• OUTDOOR READY: Fire pit is constructed with 16-gauge stainless steel and a weatherproof powder-coated black finish to protect it against rain or other elements
  • PATIO-SIZED: This convenient fire pit has a 25-inch outside diameter with an approximately 16-inch depth and internal diameter; measuring 24.75" x 24.75" x 18.75"

Last update on 2022-12-05 / Affiliate links / Images from Amazon Product Advertising API

Helpful Tips To Know If Smokeless Fire Pits Are Really Smokeless

Sadly, the old saying about ‘no smoke without fire’ is also true in reverse. However, that doesn’t mean you have to have massive quantities of bad-for-you smoke to enjoy some roasted marshmallows on a col evening.

Here are some helpful tips to know if smokeless fire pits are really smokeless.

  • Smoke from fires can be deadly. Because the particles are mostly smaller than one micron, they can get into your lungs and contribute to cancer and serious breathing problems. Plus, open fire pit smoke is terrible for asthmatics, pets, kids, and the environment.
  • Smokeless firewood is not the same as a smokeless fire pit. Unfortunately, most of the time, it’s a bad idea to combine the two. However, suppose you already have a traditional fire pit. In that case, swapping out your old-fashioned smoky wood logs for a cleaner-burning alternative will still help the environment and your health.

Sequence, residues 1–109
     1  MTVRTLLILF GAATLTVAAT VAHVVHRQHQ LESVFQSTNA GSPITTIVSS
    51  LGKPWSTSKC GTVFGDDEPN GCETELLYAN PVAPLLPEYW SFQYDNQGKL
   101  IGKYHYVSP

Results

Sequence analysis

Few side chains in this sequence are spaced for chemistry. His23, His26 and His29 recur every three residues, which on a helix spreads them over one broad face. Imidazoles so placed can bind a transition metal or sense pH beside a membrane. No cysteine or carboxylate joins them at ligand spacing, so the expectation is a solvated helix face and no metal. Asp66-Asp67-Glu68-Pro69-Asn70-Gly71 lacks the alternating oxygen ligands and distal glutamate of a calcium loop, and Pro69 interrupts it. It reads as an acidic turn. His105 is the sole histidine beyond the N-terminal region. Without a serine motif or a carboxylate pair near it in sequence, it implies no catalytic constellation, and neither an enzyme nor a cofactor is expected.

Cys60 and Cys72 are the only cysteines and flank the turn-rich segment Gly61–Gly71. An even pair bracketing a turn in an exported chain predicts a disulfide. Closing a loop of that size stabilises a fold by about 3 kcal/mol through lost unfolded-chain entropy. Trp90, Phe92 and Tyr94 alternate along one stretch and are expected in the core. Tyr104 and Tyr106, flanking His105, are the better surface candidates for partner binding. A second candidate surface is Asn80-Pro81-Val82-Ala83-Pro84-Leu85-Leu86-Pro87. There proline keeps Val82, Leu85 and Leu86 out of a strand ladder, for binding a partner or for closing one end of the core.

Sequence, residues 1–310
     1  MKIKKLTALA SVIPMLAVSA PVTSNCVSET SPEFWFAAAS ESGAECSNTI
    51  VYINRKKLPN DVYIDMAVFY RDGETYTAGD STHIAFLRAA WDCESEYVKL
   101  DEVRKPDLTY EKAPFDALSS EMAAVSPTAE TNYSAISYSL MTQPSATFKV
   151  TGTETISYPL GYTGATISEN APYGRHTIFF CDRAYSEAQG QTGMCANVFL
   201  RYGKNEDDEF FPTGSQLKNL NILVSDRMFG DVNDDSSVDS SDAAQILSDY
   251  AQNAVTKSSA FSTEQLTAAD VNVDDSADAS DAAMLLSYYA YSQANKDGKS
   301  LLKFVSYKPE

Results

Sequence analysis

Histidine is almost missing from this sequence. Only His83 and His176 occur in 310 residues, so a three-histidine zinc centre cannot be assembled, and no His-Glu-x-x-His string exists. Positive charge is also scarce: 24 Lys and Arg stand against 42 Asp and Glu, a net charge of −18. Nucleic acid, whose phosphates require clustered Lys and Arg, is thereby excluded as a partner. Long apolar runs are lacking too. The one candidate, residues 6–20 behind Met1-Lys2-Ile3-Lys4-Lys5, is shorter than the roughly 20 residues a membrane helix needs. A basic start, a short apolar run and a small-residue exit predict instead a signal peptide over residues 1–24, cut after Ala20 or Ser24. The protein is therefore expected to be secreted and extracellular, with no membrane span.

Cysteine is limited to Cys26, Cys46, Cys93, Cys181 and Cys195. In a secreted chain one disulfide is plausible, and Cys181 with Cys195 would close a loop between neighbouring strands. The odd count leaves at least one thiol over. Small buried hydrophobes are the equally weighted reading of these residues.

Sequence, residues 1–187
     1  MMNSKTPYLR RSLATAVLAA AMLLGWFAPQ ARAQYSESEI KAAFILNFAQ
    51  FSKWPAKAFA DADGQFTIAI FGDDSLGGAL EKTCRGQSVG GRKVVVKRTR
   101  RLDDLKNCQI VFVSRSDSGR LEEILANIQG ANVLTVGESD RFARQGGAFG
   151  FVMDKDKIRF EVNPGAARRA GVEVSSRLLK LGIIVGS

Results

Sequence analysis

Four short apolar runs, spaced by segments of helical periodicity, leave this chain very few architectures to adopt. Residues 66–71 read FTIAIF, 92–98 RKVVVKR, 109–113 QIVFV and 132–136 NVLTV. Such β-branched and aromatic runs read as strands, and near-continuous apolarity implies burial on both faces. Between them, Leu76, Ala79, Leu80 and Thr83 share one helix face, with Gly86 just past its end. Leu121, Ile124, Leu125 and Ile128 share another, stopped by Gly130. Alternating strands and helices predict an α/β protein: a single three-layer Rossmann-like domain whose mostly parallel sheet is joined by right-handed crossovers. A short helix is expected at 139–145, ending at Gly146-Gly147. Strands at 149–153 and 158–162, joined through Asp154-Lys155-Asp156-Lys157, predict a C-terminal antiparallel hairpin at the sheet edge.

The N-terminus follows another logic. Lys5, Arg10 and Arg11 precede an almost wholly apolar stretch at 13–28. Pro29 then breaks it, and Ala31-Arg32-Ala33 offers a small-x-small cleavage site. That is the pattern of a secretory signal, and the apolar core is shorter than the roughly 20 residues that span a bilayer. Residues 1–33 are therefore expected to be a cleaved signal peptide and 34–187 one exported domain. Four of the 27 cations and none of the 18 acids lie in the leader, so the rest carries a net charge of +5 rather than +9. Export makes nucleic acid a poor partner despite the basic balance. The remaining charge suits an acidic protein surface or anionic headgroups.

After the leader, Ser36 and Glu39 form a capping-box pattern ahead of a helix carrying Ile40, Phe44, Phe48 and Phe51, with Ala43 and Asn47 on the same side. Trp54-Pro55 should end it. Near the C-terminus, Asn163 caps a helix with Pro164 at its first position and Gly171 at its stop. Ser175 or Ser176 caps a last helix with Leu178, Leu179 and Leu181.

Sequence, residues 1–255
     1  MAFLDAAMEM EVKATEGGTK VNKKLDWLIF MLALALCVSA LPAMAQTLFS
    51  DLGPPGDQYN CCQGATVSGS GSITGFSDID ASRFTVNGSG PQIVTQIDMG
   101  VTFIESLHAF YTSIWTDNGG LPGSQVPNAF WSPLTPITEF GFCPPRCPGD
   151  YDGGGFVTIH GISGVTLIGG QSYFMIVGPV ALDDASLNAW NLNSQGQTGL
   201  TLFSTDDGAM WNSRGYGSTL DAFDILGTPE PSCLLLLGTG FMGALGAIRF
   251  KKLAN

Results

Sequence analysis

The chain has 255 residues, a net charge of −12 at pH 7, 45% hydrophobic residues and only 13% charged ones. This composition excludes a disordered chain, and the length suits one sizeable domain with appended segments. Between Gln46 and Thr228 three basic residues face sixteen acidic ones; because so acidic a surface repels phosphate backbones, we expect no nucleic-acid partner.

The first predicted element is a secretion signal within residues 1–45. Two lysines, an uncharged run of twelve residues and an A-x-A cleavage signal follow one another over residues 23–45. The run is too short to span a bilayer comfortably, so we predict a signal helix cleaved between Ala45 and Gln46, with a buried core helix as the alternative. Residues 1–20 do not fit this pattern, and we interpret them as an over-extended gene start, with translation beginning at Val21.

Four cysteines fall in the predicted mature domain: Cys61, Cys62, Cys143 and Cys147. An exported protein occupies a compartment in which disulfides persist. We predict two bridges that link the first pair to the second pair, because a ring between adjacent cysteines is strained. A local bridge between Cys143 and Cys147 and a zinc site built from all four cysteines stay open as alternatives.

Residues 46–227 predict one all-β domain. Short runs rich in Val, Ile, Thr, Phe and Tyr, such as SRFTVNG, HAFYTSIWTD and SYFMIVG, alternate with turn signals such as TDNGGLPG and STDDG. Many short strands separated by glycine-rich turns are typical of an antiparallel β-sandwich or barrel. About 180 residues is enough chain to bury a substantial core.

• A smokeless fire pit typically has an outside bowl and an inner container for the fire that is deeper and narrower than a traditional open-pit design. Since the bowl isn’t wide and the airflow is more controlled, the fire inside burns differently.

Final Thoughts

Although smokeless fire pits aren’t truly smokeless, they cut down the amount of smoke. Because of their design and shape, the wood burns more slowly and puts off far less pollution and particulate matter, which is excellent for the environment.

Better still, they produce plenty of heat and provide all the benefits of a regular fire pit. Choosing this style is great for limited spaces and beneficial for your lungs because you aren’t inhaling the byproduct of common open-air fire.

Drew Thomas

My name is Drew Thomas and I’m the creator of Fun In the Yard, your one stop site for all your outdoor games, sports, party activities, outdoor gear, and lawn & gardening tips.